*The G20 Tango: What to Expect From the Buenos Aires Summit
The Group of Twenty (G20), which meets in Buenos Aires, Argentina, for its annual summit on November 30 and December 1, is celebrating an auspicious birthday. It is turning ten. This milestone is an appropriate moment to reflect on what the group has and has not accomplished—as well as what role it can hope to play in an age of rising nationalism and expanding geopolitical competition.
The G20 Record
It was in November 2008, during the depths of the Great Recession, that President George W. Bush convened an emergency summit of the world’s main economic powers. The elevation of the G20 to the leaders’ level was a watershed in global governance. For the first time, the most important established and emerging nations met as ostensibly equal partners at the apex of multilateral summitry. The event reflected a new reality. Western governments could no longer hope to resolve international economic crises themselves. They needed a more encompassing body that included rising nations.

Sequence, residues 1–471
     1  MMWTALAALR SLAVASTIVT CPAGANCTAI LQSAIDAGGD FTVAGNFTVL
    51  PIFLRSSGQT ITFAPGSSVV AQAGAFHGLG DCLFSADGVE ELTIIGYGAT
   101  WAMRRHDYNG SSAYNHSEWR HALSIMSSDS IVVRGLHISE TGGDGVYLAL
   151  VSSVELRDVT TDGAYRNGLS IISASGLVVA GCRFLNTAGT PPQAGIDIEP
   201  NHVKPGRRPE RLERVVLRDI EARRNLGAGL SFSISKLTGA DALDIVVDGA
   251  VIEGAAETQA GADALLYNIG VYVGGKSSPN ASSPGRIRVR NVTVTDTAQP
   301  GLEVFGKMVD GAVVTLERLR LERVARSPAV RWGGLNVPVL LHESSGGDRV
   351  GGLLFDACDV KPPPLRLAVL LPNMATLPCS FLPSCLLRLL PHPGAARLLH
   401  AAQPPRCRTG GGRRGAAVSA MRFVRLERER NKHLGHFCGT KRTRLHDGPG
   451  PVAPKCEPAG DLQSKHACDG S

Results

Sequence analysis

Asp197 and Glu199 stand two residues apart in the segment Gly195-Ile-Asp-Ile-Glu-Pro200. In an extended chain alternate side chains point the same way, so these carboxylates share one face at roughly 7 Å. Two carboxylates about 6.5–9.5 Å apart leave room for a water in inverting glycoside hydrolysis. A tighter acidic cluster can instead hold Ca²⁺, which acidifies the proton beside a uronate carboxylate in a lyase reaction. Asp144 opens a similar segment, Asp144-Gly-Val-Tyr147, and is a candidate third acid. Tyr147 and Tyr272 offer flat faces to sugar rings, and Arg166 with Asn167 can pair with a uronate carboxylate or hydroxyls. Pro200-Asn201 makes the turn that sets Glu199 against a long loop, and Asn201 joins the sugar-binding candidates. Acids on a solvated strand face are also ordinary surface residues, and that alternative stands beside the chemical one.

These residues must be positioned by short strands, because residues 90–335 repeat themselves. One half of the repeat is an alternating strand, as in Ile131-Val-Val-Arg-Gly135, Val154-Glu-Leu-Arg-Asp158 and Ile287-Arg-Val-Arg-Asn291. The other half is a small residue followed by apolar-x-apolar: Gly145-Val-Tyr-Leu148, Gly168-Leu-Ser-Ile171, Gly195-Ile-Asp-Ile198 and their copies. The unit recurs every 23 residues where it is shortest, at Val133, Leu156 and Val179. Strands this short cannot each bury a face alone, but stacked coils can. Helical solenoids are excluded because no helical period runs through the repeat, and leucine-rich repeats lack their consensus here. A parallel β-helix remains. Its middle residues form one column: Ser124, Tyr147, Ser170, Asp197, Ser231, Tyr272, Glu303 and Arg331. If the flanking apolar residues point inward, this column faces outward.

- The G20 is now an annual fixture—and little wonder. Its members represent two thirds of the world’s population, generate 85 percent of global GDP, and account for 75 percent of international trade.
- Because it is more flexible and less encompassing than formal, treaty-based institutions, the G20 has the potential to act more nimbly and (at least in principle) transcend stultifying bloc politics that afflict the United Nations and other universal membership organizations.
So how has the G20 performed? Its glory days were surely 2009–2010, when it operated as a global crisis committee. It generated sufficient liquidity to ease the credit crunch, reinvigorated the International Monetary Fund and World Bank, created a new Financial Stability Board, and supported new capital requirements for major banks. It was less impressive thereafter, as a would-be steering committee for the global economy. It failed to arrest trade protectionism, to foster macroeconomic coordination, or to spearhead a post-carbon economy. Its very heterogeneity often impeded agreement, particularly as authoritarian China and Russia began to flex their muscles in strategic competition with the West.